Jul 1, 2014

Interview Transcript

Interviewer: Being in good shape before you go into surgery can make all of the difference afterwards. We're going to learn about that next on The Scope.

Announcer: Medical news and research from University of Utah physicians and specialist you can use for a happier and healthier life. You're listening to The Scope.

Interviewer: What are some of the things you can do to get in shape before you go in for surgery? We're with Dr. Jeffery Campsen. He's a surgeon at the University of Utah Hospital. I've heard it referred to as prehab, which I like, as opposed to rehab things you can do before the surgery to ensure that you have a good outcome afterwards. What are some of those things?

Dr. Jeffery Campsen: It's such an interesting concept because most people think if I'm going into surgery, one, it's not planned, or two, I feel bad and so I don't want to get into shape going into surgery because the surgery's actually going to help me get into shape afterwards. If there's anything that you can do beforehand that makes your recovery better than you might as well do it. I'm one of the transplant surgeons here at the University of Utah, and we do, say, kidney transplants. Patients know that they're going to have these surgeries going into the future. They want to know how they can get out of the hospital quicker and what they can. I tell them it really comes down to lung rehab, or lung prehab, as you had said, which is anything that you can do to make your lungs stronger going into surgery. Most of our abdominal surgeries patients are going to be on the breathing machine, the ventilator. How do they come off the ventilator, and how do they improve from the insult that mechanical ventilation does to them even if it's just for a few hours.

Interviewer: That's interesting. Mechanical ventilation actually does harm?

Dr. Jeffery Campsen: Right, it's not good. We're breathing for you. Maybe not harm, but it definitely, just like any kind of surgery, makes you lose a couple of steps. The better that you come in the less you're going to lose, probably, and the faster you're going to recover from that.

Interviewer: That's fascinating. I just never would have guessed that before. It's like not working out. Because your lungs aren't doing the work anymore they get weaker, or what's happening there?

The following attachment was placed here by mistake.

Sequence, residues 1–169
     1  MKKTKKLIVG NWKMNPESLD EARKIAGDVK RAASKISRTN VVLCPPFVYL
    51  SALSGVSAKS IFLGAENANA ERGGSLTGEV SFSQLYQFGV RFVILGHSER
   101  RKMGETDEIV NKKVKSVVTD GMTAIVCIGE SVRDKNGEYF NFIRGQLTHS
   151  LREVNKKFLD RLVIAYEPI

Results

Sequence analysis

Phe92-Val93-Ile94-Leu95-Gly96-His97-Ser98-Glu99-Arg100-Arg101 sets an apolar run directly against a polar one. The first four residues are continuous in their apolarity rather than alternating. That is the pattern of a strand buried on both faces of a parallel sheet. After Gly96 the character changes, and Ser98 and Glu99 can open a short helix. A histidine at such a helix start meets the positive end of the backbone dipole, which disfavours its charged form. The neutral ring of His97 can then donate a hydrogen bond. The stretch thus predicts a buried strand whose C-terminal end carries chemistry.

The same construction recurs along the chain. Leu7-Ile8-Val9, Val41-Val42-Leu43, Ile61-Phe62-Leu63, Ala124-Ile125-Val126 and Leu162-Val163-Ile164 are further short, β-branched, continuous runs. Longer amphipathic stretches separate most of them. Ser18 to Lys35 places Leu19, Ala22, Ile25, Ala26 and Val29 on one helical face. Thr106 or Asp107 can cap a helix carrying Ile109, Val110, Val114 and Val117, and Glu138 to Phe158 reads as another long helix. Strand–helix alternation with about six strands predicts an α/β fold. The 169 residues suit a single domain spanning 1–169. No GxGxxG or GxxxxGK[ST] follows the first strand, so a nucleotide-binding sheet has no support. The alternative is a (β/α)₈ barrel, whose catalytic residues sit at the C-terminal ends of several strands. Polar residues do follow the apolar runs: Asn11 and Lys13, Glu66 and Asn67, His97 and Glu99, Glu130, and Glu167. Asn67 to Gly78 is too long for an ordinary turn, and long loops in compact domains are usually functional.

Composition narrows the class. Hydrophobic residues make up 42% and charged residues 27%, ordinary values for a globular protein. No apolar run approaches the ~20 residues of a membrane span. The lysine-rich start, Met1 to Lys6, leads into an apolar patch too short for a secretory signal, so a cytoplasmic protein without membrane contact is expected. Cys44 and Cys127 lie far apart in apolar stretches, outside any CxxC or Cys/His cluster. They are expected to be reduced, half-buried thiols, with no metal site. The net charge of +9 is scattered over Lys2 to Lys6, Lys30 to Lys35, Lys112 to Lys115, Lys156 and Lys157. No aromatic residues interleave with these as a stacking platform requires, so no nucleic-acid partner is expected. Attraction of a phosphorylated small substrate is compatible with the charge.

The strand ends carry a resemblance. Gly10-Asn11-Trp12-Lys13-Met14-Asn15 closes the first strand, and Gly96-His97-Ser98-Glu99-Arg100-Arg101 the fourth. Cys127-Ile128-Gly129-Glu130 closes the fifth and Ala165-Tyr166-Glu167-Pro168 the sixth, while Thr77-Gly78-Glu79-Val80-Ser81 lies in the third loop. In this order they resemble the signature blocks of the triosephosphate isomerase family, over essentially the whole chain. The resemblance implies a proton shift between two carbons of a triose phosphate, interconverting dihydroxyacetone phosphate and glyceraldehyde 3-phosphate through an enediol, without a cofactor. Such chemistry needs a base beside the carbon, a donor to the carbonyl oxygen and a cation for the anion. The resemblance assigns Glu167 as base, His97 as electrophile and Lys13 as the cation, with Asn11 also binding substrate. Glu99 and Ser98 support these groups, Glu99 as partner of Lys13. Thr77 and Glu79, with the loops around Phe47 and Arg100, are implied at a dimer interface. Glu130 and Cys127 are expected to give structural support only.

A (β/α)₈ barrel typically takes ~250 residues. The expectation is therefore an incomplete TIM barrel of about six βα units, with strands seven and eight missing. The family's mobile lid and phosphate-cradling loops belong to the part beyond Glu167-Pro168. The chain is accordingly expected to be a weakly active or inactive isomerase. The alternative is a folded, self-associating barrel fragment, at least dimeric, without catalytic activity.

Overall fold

Dr. Jeffery Campsen: That's exactly right. We're doing the work for you, and you lose a little bit.

Interviewer: Even in the short amount of time that you might be in surgery and recovery? How long is somebody on a ventilator?

Dr. Jeffery Campsen: It depends on the type of surgery. It can be hours, or just an hour. Some people don't come off the ventilator for a day or two because the surgery is a large surgery for whatever reason. The better shape that you're in coming in the less that you'll need that later. The types of things that you can do for this end up helping you across your body. It really comes in to moderate physical activity. Even if you feel poorly if you can do something that gets your heart rate up, gets your breathing up and allows your lungs to expand then you're going to improve it. It's basically working a muscle. Your lung is not a muscle, but you think about it in that way. If you're able to go for walks around the block, a mile a day, something every day leading up to the surgery, it will then allow your lungs to be used to sort of getting up to that rapid heart rate, expanding and really moving the blood along for the body. If it happens to make your legs stronger and your arms stronger and other things then you're going to recover from that better. What you can imagine is you come out of surgery and you're either on or off the ventilator. Then you come off the ventilator, meaning that you're breathing on your own. Then your physician and the team members that are taking care of you are going to ask you to get up out of bed and walk around. They want you to walk as soon as possible. Again, that keeps you from getting pneumonia and keeps you from getting blood clots. If you've already prepared for this coming into surgery when you get up your lungs are going to be stronger, they're going to allow to recover quicker and your legs are going to be stronger which will allow you to walk. If you can just get over that hump of getting used to walking again and basically breathing again then you're just going to recover much faster.

Interviewer: Is there a threshold? I go on daily walks of about a half hour or 45 minutes a day. I work out moderately. Do I need to do more above and beyond that?

Dr. Jeffery Campsen: I think a little bit of both. If you can do more that's going to be great because the better shape you're in the better you're going to do. If you do nothing just walking around the block once a day is going to be a ton more. That's going to help you. It's tough because we're being very vague at the type of surgery that you're going to have. If you're having inter-abdominal surgery of any sort if you're able to do something, even if it's a stationary bike or a walk around the block, something that allows you to increase your heart rate, increase your breathing rate and really move the blood around through the body and help the muscles in your legs and arms, I think you're going to do better afterwards.

Interviewer: It doesn't sound like you have to go in to the gym and be a super star, just do something.

Dr. Jeffery Campsen: That's exactly right. Most people are going to say, "Look, I feel terrible. That's why I'm having the surgery.", but a little bit up front is going to help a lot on the back end.

Announcer: We're your daily dose of science, conversation and medicine. This is The Scope University of Utah Health Sciences Radio.


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